Weather Story. The local Twin Cities National Weather Service office has a good explanation of the impending snow blitz. I'm thinking 6-12", factoring in more sleet and rain at times today into early tonight, but I don't see how the MSP metro area doesn't see a plowable snowfall by Friday morning.
Very Plowable. How much snow ultimately piles up by Friday morning depends on how long we see a wintry mix today. More sleet and freezing rain will mean lower snowfall totals, but precipitation should fall as all snow tonight and Thursday. The local Twin Cities NWS office is predicting 12", which could very well happen. I'm going with 6-12", to reflect the wintry mix today, changing to all snow tonight and tomorrow. Yes, it's going to be a pile.
NAM Solution. Here is the 00z NAM solution, showing some 10-12" amounts close to the metro by Friday morning. The heaviest amounts will probably pile up just south/west of MSP, closer to Willmar and Glencoe.
Round 2. The WSI RPM model looks a lot more reasonable this morning, hinting at another 6-9" slush across the metro area from tonight into early Friday morning. As much as 16" of additional snow may blanket southwest Minnesota.
Pulses Of Moisture. The NAM model shows a surge of moisture tapering this morning; the main event coming tonight into Thursday, tapering to flurries by Friday morning. A period of sleet may mix in with the snow tonight, but the lowest 7,000 feet of the atmosphere should be cold enough for all snow tomorrow. Animation: NOAA.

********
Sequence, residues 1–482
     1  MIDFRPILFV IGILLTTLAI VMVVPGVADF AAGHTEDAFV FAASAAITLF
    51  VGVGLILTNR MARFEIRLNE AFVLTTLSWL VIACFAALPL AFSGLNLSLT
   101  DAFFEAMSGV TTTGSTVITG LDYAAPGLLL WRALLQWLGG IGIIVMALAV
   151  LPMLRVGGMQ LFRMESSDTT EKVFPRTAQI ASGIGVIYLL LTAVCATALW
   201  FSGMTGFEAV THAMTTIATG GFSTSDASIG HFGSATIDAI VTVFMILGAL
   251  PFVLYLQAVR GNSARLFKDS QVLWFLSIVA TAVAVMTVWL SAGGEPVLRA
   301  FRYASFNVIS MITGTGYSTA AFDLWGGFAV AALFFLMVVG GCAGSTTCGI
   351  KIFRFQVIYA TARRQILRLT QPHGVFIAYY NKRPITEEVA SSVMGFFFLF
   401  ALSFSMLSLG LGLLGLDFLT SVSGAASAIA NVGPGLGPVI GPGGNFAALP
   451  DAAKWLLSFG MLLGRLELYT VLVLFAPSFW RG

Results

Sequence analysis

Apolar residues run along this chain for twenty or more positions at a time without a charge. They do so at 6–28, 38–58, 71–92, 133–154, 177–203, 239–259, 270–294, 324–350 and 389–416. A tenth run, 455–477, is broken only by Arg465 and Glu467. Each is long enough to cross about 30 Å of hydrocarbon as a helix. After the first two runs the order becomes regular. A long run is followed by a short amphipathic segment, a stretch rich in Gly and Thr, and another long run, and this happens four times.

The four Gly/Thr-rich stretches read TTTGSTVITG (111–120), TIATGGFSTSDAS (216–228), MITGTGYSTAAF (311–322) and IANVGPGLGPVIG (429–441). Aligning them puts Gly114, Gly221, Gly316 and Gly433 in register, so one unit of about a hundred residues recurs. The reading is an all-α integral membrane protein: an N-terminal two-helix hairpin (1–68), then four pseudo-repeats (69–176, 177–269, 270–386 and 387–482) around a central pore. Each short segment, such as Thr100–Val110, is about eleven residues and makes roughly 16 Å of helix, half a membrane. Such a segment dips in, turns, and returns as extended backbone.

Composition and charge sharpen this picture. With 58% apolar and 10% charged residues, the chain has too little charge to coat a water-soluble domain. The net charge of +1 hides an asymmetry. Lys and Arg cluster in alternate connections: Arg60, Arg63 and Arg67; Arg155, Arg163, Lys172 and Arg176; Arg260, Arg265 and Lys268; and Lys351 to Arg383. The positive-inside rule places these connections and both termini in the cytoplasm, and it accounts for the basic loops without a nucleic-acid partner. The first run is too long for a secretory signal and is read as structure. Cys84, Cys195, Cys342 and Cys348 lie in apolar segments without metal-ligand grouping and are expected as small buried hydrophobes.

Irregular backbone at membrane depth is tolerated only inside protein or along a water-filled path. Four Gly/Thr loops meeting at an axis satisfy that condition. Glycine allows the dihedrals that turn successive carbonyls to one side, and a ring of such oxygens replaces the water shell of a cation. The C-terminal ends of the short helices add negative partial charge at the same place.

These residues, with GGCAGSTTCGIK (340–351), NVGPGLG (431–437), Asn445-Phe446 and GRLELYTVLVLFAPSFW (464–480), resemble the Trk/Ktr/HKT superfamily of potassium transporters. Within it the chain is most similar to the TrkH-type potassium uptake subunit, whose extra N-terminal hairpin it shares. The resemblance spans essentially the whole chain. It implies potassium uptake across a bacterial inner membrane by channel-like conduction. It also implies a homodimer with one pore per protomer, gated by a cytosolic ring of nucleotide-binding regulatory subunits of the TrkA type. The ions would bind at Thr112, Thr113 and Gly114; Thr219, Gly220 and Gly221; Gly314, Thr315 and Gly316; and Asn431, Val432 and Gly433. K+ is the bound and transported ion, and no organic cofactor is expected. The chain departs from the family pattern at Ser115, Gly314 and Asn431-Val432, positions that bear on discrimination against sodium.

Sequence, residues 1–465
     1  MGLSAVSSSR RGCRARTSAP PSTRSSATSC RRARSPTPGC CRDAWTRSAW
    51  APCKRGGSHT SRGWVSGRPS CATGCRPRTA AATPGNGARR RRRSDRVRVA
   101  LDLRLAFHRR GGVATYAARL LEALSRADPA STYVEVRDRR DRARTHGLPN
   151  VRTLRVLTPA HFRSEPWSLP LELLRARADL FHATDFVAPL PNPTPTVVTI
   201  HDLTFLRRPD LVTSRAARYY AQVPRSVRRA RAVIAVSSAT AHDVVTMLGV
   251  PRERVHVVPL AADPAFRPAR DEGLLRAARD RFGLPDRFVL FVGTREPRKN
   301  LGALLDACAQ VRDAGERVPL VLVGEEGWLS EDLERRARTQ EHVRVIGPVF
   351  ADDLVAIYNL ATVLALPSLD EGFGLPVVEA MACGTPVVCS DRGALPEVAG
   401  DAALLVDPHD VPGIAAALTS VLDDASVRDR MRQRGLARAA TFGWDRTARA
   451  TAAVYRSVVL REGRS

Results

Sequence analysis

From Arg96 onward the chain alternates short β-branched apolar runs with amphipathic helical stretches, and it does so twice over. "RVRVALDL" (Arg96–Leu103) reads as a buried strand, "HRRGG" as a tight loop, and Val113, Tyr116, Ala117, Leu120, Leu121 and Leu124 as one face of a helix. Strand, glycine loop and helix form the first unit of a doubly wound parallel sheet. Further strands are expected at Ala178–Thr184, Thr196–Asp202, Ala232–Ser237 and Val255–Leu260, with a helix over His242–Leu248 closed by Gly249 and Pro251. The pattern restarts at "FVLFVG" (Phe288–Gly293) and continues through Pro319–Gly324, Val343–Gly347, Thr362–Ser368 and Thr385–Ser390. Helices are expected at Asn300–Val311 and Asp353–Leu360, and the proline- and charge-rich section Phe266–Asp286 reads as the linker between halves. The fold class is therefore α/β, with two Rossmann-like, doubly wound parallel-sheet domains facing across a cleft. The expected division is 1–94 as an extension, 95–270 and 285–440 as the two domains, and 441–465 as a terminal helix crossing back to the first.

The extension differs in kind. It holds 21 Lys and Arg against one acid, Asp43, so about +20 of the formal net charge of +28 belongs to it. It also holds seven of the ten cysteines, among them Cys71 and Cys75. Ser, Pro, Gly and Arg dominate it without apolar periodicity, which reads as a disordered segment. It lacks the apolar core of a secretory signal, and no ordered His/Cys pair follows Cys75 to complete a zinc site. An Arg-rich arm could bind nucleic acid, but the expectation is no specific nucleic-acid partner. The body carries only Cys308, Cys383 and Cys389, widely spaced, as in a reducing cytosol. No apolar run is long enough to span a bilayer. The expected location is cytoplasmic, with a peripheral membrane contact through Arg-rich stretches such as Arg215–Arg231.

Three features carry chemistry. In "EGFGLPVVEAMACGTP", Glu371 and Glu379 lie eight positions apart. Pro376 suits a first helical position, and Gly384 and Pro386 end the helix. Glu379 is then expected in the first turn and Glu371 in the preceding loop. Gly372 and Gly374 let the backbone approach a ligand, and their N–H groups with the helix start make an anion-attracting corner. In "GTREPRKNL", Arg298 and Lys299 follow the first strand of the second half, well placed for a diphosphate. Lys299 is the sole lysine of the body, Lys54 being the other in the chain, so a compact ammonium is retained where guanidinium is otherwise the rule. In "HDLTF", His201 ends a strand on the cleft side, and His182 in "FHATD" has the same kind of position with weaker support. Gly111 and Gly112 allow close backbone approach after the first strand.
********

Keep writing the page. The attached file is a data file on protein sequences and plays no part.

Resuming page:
European Solution. The ECMWF is also hinting at a mix of sleet, snow and possibly some freezing rain today, with surface temperatures just above freezing. Hopefully that will keep major roads wet/slushy. The worst travel conditions will come tonight into Friday morning, when precipitation should fall as all snow, with air temperatures at or just below 32 F. The sun peeks out Saturday, enough warm air aloft for rain on Sunday. Thank God for small favors.
In Search of Spring. I realize the models keep pushing back any real warmth - it feels like a meteorological mirage, but I am obliged to share the latest GFS outlook, hinting at 50s, even a brush with 60 the last week of April. Keep the faith.
Alerts Broadcaster Briefing: Here is an excerpt of a briefing we issued for our corporate clients on Tuesday:
Much of the east is experiencing May-like warmth with 70s and 80s, but March is hanging on for dear life over the Plains and Upper Mississippi Valley. A potentially record April snowstorm is brewing from northern Nebraska into South Dakota and portions of Minnesota and Wisconsin, probably one of the 10 biggest April snows on record for parts of the Upper Midwest. Lovely. A few highlights: